In book 8 section 47 of the Meditations, Marcus Aurelius writes,
If thou art pained by any external thing, it is not this thing that disturbs thee, but thy own judgment about it. And it is in thy power to wipe out this judgment now. But if anything in thy own disposition gives thee pain, who hinders thee from correcting thy opinion? And even if thou art pained because thou art not doing some particular thing which seems to thee to be right, why dost thou not rather act than complain?—but some insuperable obstacle is in the way?—Do not be grieved then, for the cause of its not being done depends not on thee.
Things in themselves are not nuisances, rather we make them so ourselves. Nothing is either good or bad in itself, although we commonly think they have to, and incorrectly. The thing is, though, that our thoughts, unlike external events, are within our power, and so we are able to change our thoughts, judgments, and perceptions to make things bearable. Aurelius tells us that if we are annoyed by ourselves, we oughtn’t blame it on others or on anything; instead, we should take to correcting our opinions, as they belong to us, so we can fix them. No one stops us from changing our way of thinking except ourselves. Further, he points out that when we think things we would rather not think, we often complain to others and to ourselves, ignorant of the true nature of the annoyance; as such, he advises to simply change our thinking when it appears to be straying. When we notice negative thinking, acknowledging it and knowing it is the cause of our problems is one thing—but actually acting on it and changing it, is another, and is what we ought to do. But often times we will impute our misfortune to some external thing, such as the day, leading to remarks like, “Today is not a good day,” or, “Today does not like me”; however, if we attribute our personal torment to something impersonal, something external to us, we should be doing the opposite, really, for if “day” is what is causing our problems, we know that it is a force greater than us, outside of us, and therefore not concerned with us. Because the courses of our days are outside of our power, we can do nothing to change them, so instead of resisting them, we should allow them to carry out as they please, as per nature, and leave our attitude to ourselves. Hamlet expresses this in the same way: “[T]here is nothing either good or bad, but thinking makes it so” (II.ii.265-66.). Therefore, our perception is what affects our attitude, so your life is what you make of it.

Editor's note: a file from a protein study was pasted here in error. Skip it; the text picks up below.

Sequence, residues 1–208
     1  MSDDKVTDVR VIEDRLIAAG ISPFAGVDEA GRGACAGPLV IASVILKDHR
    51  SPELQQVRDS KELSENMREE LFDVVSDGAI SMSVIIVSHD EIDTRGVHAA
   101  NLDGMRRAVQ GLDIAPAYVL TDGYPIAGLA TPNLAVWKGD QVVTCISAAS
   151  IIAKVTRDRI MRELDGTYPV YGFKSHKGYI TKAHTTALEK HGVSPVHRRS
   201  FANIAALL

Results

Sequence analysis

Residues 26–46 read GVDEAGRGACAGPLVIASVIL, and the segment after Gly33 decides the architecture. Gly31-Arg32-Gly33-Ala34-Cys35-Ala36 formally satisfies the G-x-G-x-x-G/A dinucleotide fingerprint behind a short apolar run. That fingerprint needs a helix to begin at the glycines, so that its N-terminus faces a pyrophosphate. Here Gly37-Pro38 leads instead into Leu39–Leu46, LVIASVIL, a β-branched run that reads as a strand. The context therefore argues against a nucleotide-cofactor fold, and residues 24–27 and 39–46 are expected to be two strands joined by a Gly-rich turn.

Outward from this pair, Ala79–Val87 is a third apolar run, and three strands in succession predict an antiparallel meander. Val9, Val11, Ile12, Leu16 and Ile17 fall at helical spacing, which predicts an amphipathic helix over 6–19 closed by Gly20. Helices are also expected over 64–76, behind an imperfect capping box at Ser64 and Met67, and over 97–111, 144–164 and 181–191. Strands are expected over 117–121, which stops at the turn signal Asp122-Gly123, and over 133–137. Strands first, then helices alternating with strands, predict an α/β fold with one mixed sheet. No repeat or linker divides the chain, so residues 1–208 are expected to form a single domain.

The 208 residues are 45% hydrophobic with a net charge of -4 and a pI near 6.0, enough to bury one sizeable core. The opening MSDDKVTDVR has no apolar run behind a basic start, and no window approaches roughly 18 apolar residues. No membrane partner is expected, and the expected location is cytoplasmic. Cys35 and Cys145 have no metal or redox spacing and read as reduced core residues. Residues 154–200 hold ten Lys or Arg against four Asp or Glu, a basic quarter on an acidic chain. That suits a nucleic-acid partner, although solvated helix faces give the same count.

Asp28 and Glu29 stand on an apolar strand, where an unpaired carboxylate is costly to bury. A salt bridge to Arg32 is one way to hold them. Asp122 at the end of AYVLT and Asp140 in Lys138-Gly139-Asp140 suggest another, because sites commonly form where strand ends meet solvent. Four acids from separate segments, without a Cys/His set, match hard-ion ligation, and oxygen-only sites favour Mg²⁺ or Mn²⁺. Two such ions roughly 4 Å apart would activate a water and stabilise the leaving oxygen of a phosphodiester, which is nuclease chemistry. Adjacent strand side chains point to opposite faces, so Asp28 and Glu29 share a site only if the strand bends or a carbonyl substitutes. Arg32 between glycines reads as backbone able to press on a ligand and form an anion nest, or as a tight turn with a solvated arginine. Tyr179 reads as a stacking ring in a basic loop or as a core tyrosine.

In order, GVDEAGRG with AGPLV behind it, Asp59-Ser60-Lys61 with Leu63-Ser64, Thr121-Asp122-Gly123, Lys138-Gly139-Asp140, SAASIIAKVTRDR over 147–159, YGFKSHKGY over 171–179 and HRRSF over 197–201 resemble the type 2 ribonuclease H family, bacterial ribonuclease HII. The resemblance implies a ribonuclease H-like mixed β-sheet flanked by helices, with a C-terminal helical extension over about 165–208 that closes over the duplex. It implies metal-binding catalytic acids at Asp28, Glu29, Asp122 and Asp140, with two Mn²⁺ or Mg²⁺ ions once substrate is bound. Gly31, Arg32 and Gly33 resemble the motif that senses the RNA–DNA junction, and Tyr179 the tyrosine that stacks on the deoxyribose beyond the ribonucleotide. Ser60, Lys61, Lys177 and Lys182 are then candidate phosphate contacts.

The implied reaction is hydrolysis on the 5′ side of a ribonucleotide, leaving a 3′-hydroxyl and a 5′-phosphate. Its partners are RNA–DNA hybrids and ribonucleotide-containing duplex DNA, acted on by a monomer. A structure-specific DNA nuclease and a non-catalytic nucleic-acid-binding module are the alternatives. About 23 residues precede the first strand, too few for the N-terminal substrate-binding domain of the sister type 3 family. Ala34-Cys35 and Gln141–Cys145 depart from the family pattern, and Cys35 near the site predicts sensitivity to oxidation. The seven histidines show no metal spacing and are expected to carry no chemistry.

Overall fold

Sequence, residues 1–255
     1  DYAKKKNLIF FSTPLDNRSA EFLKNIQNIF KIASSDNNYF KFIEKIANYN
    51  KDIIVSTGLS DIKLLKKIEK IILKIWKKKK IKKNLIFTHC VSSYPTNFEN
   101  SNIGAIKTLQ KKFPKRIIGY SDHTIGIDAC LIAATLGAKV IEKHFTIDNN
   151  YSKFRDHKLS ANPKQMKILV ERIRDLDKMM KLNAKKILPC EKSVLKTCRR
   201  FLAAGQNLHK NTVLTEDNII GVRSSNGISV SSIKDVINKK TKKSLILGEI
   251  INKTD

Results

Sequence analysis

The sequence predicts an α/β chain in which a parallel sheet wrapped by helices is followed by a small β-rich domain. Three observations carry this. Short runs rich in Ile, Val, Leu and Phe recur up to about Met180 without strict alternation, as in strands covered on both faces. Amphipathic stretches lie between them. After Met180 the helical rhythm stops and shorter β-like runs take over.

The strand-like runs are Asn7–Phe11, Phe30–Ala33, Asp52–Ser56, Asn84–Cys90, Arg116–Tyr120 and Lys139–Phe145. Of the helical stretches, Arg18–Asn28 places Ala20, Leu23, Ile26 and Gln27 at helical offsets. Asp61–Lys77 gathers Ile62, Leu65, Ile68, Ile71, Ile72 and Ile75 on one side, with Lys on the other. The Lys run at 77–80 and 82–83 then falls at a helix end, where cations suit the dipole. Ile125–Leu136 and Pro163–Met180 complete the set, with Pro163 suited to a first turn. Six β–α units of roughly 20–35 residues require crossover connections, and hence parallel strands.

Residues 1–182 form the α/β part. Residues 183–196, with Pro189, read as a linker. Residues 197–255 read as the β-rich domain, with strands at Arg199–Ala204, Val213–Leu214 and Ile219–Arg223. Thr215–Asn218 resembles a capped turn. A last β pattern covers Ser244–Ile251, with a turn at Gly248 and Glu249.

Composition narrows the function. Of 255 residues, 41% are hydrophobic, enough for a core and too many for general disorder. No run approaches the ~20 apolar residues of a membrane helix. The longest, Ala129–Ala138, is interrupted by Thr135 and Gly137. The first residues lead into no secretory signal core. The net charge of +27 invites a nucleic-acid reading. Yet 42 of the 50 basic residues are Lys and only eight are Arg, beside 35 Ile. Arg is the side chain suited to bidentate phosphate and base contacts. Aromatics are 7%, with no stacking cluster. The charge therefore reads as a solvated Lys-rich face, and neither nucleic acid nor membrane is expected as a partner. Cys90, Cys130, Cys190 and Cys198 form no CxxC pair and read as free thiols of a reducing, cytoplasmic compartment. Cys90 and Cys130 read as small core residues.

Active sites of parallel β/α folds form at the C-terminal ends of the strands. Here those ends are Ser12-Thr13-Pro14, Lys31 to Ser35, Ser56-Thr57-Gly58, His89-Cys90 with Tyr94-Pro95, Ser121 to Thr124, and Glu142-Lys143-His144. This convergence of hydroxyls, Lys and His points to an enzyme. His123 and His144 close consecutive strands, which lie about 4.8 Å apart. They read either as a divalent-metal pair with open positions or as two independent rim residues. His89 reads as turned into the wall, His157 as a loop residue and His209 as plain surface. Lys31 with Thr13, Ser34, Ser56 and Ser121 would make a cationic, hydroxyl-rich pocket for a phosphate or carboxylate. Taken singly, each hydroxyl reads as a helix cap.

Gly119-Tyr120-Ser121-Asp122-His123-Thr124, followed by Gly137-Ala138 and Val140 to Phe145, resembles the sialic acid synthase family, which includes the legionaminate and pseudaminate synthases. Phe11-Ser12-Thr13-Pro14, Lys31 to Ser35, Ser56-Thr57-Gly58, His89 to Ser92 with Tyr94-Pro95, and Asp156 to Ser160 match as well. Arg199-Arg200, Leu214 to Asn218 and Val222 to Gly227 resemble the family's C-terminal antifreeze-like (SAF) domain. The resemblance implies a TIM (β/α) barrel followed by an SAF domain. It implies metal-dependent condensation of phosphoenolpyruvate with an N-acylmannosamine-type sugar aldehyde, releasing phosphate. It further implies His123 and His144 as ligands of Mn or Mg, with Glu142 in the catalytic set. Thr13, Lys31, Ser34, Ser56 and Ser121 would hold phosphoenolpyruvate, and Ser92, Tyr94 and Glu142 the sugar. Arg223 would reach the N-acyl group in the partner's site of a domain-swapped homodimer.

For further reading: Meditations by Marcus Aurelius (2014)